Section 15, Natural Heritage and Landscape, Page 54, Policy E2 Landscape: “We will refuse development that causes unacceptable effects through its scale, location or design on key natural landscape elements, historic features or the composition or quality of the landscape character.”
Section 18, Climate Change, Page 72, Policy C2: All windfarms must be appropriately sited and designed and avoid unacceptable environmental effects taking into account the cumulative effects of existing and consented wind turbines. ...........Unacceptable significant adverse effects on the amenity of dwelling houses or tourism and recreation interests including core paths and other established routes used for public walking, riding or cycling should also be avoided.
Supplementary Guidance Section 5, Local Nature Conservation Sites, subsection 5d Landward Sites, Site 42 Feughside: “Extensive area of geomorphological interest representing the best part of a more extensive fluvio-glacial complex. Clachnaben is a good example of a granitic tor. Locally rare plants in pine woodland and mire. This LNCS covers an area from Feughside south to include the summit of Clachnaben southward towards the Water of Dye (Maps 46A-D). The southern boundary merely 3km from the proposed development. The ALDP policy for LNCS is given in Section 15 Natural Heritage and Landscape, page 53 Nature conservation sites: We will not allow new development where it may have an adverse effect on a nature conservation site designated for its biodiversity or geodiversity importance, except where the following circumstances apply …………………. the proposal’s public benefits must clearly outweigh the nature conservation value of the site.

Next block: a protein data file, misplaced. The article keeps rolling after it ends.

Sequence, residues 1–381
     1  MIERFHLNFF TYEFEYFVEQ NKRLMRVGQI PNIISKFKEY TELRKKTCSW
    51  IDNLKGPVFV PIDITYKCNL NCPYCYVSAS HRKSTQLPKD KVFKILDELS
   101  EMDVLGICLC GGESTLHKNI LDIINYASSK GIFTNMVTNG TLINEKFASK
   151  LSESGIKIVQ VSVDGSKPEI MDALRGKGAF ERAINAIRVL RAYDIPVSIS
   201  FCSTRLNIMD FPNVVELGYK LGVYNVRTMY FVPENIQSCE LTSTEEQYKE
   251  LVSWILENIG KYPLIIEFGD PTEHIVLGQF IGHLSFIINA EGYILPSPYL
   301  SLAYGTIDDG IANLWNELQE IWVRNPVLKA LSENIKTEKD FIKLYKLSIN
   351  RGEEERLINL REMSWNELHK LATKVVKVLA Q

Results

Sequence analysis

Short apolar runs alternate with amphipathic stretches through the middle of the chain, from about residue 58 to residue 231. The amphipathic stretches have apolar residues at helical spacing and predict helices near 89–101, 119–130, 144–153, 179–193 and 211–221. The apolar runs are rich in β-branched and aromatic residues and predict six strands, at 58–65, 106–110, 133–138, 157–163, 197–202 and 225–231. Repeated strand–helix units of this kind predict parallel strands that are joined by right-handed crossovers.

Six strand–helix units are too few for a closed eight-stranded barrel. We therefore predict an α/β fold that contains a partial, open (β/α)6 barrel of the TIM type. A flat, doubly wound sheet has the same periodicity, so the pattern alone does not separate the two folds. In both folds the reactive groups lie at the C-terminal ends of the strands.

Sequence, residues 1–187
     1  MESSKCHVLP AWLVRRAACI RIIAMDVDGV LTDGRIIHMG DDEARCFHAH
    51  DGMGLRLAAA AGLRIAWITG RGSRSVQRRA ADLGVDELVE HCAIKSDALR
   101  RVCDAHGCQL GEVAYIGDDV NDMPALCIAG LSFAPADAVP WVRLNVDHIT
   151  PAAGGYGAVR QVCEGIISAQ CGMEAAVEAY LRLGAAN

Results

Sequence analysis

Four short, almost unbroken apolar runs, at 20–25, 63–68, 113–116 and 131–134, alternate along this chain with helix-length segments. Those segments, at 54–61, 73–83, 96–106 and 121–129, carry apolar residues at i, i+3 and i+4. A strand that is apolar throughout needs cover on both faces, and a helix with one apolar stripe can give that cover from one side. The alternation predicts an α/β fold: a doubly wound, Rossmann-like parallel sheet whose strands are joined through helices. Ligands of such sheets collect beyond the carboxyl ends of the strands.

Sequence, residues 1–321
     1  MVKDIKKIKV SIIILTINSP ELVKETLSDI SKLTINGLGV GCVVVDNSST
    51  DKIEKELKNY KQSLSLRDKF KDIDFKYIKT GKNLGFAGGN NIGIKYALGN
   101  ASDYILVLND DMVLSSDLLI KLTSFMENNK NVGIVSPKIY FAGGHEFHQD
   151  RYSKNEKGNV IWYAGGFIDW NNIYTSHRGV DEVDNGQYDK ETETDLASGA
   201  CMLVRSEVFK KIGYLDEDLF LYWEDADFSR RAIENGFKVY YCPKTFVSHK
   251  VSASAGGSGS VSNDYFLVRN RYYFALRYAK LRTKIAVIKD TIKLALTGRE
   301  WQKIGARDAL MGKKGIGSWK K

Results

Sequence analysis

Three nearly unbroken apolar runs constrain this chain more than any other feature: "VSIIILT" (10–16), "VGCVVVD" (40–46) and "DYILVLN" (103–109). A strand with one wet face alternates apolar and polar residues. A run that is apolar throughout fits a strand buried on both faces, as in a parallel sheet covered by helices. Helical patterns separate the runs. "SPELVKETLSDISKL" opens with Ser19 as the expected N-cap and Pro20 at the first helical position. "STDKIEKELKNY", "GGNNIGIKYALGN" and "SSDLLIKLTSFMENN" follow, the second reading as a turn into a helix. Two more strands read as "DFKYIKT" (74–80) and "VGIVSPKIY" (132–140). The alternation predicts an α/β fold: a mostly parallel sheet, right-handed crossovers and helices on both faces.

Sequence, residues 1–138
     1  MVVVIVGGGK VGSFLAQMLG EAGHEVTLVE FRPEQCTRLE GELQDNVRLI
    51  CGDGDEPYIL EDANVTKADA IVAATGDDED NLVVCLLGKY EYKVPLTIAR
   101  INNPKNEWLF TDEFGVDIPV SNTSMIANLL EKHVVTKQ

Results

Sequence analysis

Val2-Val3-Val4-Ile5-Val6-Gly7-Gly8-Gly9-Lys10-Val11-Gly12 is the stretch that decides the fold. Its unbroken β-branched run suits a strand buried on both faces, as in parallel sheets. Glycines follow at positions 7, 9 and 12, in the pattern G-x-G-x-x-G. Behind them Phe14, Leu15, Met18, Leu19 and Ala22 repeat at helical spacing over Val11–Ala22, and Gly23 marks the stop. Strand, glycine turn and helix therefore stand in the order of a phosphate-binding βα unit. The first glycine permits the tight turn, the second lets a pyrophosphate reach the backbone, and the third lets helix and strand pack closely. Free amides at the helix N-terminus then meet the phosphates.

The Proposed Development is almost entirely on peatland. ECU00000676 Vol 1 Figure 7.4 Superficial Geology maps the extent of peat with Chapter 7 paragraph 7.18 stating “Approximately 84% of the Site is shown to be within Class 1 based on the mapxxi. This comprises nationally important carbon-rich soils, deep peat and priority peatland habitat (land covered by peat forming vegetation or vegetation associated with peat formation) and areas likely to be of high conservation value.” (xxi SNHH The Carbon and Peatland Map 2016). We believe that “high conservation value” (SNH) excludes disturbance resulting from the construction and operation of 26 turbines, 31 km of track and ancillary works and that this concentration of disturbance will result in hydrological disconnection of the remaining dissected areas of peat and blanket bog that can not be mitigated by the intentions of the Peat and Habitat Management Plan Appendix 4.3.
The Proposed Development creates an unacceptable level of “significant effects” of a detrimental nature on local and distant landscapes and wild lands. (Chapter 15 Summary of Significant Effects, Table 15.1). These landscapes are not only the site itself but to 2 recognised Landscape Character Types, including The Mounth, 2 Strategic Landscape Areas, Clachnaben/Forest of Birse and the Breaes of the Mearns and one Wild Land area, Lochnagar – Mount Keen. The referenced Table also indicates that the mitigation efforts result in no change, the “Residual Effect” after mitigation remains “significant”.
The Proposed Development creates an unacceptable level of “significant effects” of a detrimental nature on neighbouring viewpoints. Excellent, realistic images from 22 viewpoints are provided (Vol 3 Fig 6.12 to 6.32) of both the existing and the future vista with the Proposed Development turbines in place. The turbines have a significant effect on 8 of the 22 viewpoints including iconic summits of Clachnaben, Mount Battock, Cairn o’ Mount, Hill of Whirran and Hill of Rowan. The same viewpoint image is provided from the summit of Lochnagar. From this lofty, distant summit the tops of the Glendye turbines are visible, in an otherwise natural eastward landscape. Many would deem this as a “significant effect” of a detrimental nature.
The Proposed Development does not state the solution to the significant effect of a detrimental nature on both the NATS Perwinnes Radar and the RRH Buchan (military) radar. Detrimental effects on these two independent radar systems could have serious implications for the effective control of aircraft and thus safety of the population both in the air and on the ground.
In conclusion, on the basis of the reasons stated above we believe that this development should be refused.